Prof Woolhouse described the Health Secretary’s comments about it being impossible to segregate the old and the vulnerable as a ‘tremendous fallacy’.

‘I don’t know, or how Matt Hancock knows, it’s not possible, we have to do it to some degree because those are the people who are at risk of getting seriously ill and dying,’ he said.

‘We should be paying much more attention to protecting the vulnerable and elderly.

‘I worry that that statement is impetus to give up on the idea of protecting people who need protecting.

‘I worry that fallacy is being promoted in this brief statement.’ 

Dr Rupert Beale, group leader of the cell biology of infection laboratory at the Francis Crick Institute, agreed with Mr Hancock.

He said: ‘Other coronaviruses can reinfect people, and there is accumulating evidence this is happening with SARS-CoV-2 (Covid-19).

‘It’s therefore unlikely that even with a high proportion of people having been infected that there would be good protection via herd immunity.

‘Most experts expect that protection via herd immunity will only be possible if we have an effective vaccine.’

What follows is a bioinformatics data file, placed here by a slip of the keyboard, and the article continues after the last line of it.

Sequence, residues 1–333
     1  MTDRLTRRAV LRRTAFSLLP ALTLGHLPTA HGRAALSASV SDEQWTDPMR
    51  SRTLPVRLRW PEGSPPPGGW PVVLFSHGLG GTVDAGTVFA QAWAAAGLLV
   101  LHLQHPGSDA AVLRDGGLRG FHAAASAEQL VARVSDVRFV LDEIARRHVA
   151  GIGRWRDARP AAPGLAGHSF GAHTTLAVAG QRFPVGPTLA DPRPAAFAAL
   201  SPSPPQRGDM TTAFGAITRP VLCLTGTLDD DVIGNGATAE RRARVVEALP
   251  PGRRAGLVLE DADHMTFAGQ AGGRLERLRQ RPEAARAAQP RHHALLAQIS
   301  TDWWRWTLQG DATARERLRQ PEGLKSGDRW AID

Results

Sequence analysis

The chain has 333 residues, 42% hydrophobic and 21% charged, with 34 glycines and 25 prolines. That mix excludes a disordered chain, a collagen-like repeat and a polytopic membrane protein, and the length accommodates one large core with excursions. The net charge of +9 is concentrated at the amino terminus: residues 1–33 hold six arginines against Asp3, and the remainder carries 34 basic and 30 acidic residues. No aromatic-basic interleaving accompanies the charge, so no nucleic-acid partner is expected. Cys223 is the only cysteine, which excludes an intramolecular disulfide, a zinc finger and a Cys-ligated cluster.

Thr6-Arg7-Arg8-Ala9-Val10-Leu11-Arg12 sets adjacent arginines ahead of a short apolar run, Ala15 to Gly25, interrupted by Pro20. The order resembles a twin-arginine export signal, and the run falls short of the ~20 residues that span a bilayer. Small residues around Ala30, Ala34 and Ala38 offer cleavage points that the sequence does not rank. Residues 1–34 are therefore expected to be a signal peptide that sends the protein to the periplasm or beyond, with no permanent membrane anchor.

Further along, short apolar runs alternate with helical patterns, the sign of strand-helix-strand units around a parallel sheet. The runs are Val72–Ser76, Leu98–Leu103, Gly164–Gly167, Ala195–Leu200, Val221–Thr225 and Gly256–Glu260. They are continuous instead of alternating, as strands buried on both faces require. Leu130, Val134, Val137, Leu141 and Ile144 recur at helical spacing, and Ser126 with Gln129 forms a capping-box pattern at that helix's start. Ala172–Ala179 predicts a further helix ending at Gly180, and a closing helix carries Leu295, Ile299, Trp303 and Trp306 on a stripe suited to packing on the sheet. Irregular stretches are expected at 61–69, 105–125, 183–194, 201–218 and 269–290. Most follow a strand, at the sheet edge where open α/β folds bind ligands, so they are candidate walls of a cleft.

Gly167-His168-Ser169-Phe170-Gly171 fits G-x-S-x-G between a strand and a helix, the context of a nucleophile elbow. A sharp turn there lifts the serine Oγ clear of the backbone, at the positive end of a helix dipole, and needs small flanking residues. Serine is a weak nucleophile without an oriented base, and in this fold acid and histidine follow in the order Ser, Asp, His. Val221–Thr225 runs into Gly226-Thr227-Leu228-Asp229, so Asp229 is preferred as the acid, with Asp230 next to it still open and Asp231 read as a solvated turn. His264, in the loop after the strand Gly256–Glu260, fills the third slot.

Dr Stephen Griffin, associate professor at the School of Medicine, University of Leeds, said the Health Secretary was right to address the flawed concepts underpinning the Great Barrington Declaration.

The declaration, which was said to have been signed by more than 15,000 scientists and medical practitioners, was found by Sky News to contain numerous false names, including ‘Dr Johnny Bananas’ and ‘Professor Cominic Dummings’.

Dr Griffin said: ‘Whilst we are still beginning to understand SARS-CoV2 (Covid-19) and how our bodies respond to it, it is clear that our immune systems are unlikely to achieve long-lasting protective immunity without the aid of a vaccine.